A village prepares — and survives

Indonesia, October 5, 2009

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  <span class="field-credit">
    Malka Older/Mercy Corps  </span>
    Zulkifli (right, in cap) stands with members of the Mercy Corps emergency response team. They are, from left: Endang Trisna, Program Manager; Wahyudi, Monitoring Officer; Aldo, local partner. Photo: Malka Older/Mercy Corps
  <span class="field-credit">
    REUTERS/Enny Nuraheni, courtesy of www.alertnet.org  </span>
    A family sleeps in the open air after fleeing from their earthquake-damaged home. Photo: REUTERS/Enny Nuraheni, courtesy of www.alertnet.org

When a massive earthquake hit the West Sumatran village of Mangopo last week, Zulkifli didn’t panic. Instead, he remembered the disaster preparedness training that he'd received from Mercy Corps and its local partner — and that made all the difference when the quake struck.

When the quake hit, there wasn't time to think — just act. After checking on their families, Zulkifli and others who'd received the training gathered the whole village of Mangopo and led them to an evacuation site that was far inland from the ocean in case of a tsunami. Once the danger had passed, he and the villagers returned to their community. Zulkifli and his fellow disaster preparedness team members immediately started to assess damages and organize the community for clean-up.

“Our training was perfect,” Zulfikli said proudly. “The community responded quickly, and no one was killed here.”

The fact that there were no casualties is testament to the heroism of villagers like Zulkifli — as well as the success of the Mercy Corps-led Disaster Risk Reduction Initiative, funded by Boeing and established more than three years ago to help villages that had suffered the Indian Ocean tsunami.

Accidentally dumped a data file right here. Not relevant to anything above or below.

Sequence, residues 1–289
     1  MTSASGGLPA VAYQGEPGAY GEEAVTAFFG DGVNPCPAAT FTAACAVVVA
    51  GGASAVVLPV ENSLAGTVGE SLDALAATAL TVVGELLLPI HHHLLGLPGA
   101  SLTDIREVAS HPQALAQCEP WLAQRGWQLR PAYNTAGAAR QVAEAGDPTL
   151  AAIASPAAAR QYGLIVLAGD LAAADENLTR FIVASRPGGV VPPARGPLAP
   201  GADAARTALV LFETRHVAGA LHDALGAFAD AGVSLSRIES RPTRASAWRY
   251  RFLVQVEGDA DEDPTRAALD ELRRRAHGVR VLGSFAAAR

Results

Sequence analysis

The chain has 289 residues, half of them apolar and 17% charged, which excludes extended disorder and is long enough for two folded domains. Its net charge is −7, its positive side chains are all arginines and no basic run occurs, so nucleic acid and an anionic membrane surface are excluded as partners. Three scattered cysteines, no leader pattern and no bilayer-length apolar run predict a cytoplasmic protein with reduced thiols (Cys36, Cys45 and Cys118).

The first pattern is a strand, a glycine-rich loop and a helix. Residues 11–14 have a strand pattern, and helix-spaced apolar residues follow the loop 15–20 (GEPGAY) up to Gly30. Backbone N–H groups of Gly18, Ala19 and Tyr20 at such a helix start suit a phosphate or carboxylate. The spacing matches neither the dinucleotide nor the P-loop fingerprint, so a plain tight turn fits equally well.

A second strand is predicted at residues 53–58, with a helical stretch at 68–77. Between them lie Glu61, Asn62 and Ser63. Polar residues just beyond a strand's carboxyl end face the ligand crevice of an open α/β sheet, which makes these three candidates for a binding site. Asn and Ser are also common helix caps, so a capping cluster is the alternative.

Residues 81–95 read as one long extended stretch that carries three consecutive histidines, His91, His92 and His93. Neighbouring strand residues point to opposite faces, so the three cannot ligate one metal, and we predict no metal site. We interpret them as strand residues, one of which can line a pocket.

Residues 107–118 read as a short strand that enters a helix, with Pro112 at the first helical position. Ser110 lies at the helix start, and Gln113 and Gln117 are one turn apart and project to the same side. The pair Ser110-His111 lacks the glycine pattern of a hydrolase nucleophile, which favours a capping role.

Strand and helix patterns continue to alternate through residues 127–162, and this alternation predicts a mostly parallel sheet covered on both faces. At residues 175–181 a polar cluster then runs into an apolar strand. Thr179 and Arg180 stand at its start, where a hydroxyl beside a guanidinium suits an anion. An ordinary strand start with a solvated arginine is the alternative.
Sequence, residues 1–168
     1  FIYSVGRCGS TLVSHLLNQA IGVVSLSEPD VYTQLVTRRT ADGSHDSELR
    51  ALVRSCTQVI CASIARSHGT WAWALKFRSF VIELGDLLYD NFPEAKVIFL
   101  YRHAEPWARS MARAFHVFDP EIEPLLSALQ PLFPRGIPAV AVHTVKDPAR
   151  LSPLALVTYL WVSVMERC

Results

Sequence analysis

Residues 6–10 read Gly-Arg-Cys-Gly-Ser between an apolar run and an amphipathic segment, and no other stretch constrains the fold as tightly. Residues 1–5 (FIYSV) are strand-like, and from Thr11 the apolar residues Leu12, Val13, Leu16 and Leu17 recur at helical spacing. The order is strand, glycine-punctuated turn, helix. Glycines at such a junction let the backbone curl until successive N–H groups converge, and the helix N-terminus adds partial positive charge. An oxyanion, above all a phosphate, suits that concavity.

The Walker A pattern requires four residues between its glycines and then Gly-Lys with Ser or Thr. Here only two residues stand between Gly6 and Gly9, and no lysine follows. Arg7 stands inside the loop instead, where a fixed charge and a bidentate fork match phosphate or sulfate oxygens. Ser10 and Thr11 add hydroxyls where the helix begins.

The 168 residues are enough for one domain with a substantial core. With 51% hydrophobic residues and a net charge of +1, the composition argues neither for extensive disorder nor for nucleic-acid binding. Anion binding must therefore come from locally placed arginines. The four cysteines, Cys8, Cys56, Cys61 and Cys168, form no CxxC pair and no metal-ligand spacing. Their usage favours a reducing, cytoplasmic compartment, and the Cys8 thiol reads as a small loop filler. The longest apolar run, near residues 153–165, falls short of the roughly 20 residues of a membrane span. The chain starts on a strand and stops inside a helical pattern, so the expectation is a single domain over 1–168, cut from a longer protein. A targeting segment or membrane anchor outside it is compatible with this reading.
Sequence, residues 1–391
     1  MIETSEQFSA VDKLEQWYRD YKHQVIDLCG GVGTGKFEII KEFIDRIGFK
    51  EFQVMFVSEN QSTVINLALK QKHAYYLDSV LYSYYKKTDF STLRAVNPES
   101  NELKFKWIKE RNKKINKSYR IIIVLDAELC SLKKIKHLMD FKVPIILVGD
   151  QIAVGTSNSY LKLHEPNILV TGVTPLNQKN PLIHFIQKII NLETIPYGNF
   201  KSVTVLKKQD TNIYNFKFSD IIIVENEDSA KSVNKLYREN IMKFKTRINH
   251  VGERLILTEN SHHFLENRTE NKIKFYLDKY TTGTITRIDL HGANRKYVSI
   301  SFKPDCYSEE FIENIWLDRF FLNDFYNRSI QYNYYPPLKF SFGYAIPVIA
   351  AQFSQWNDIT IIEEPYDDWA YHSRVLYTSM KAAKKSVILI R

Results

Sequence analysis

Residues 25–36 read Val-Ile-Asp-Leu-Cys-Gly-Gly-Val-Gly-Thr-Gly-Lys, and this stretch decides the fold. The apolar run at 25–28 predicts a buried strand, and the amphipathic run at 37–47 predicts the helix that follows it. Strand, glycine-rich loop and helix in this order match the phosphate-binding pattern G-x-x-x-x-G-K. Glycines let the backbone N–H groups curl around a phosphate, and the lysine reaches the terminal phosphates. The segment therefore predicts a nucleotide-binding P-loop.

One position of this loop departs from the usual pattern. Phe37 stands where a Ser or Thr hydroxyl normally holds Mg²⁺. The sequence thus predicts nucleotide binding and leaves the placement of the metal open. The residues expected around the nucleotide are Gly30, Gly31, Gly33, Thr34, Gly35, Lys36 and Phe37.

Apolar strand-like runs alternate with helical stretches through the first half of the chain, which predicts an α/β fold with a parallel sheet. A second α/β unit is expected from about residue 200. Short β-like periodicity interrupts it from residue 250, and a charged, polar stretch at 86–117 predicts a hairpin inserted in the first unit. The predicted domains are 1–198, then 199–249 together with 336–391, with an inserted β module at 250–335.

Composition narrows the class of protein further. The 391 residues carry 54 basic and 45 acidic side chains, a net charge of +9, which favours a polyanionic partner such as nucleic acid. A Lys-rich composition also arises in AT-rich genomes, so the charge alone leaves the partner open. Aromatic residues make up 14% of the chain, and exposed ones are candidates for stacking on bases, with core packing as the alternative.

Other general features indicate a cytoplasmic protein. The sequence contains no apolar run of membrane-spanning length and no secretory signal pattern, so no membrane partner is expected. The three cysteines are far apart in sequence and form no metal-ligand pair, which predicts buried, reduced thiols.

Families are grateful for their survival, but well aware of the challenges ahead of them. Zulkifli estimated that 95 percent of houses in the village were affected, and he pointed out cracks in roads and bridges. Fisherman are afraid to fish, farmers are too busy cleaning their houses to farm and transport from Padang — the nearest city, one and a half hours away from here — has come to a standstill, leaving shops without supplies.

“We are worried about food,” Zulkifli said. “The shops are even running out of instant noodles.”

And there is also a problem with shelter: dozens of houses lay in rubble. Even the houses that are still standing are too damaged and dangerous to go into, so villagers are sleeping outside in the rain. Many villagers are suffering from mosquito-borne diseases from the onset of hot, wet weather here, and wonder where they will stay in the coming weeks.

Mercy Corps is preparing to deliver construction and cleaning tools, hygiene kits and mosquito nets to Mangopo and other villages affected by the West Sumatra earthquake. Zulkifli and the other members of the disaster preparedness team will organize and assist in the distribution — which makes them even more ready to support their village when disaster strikes.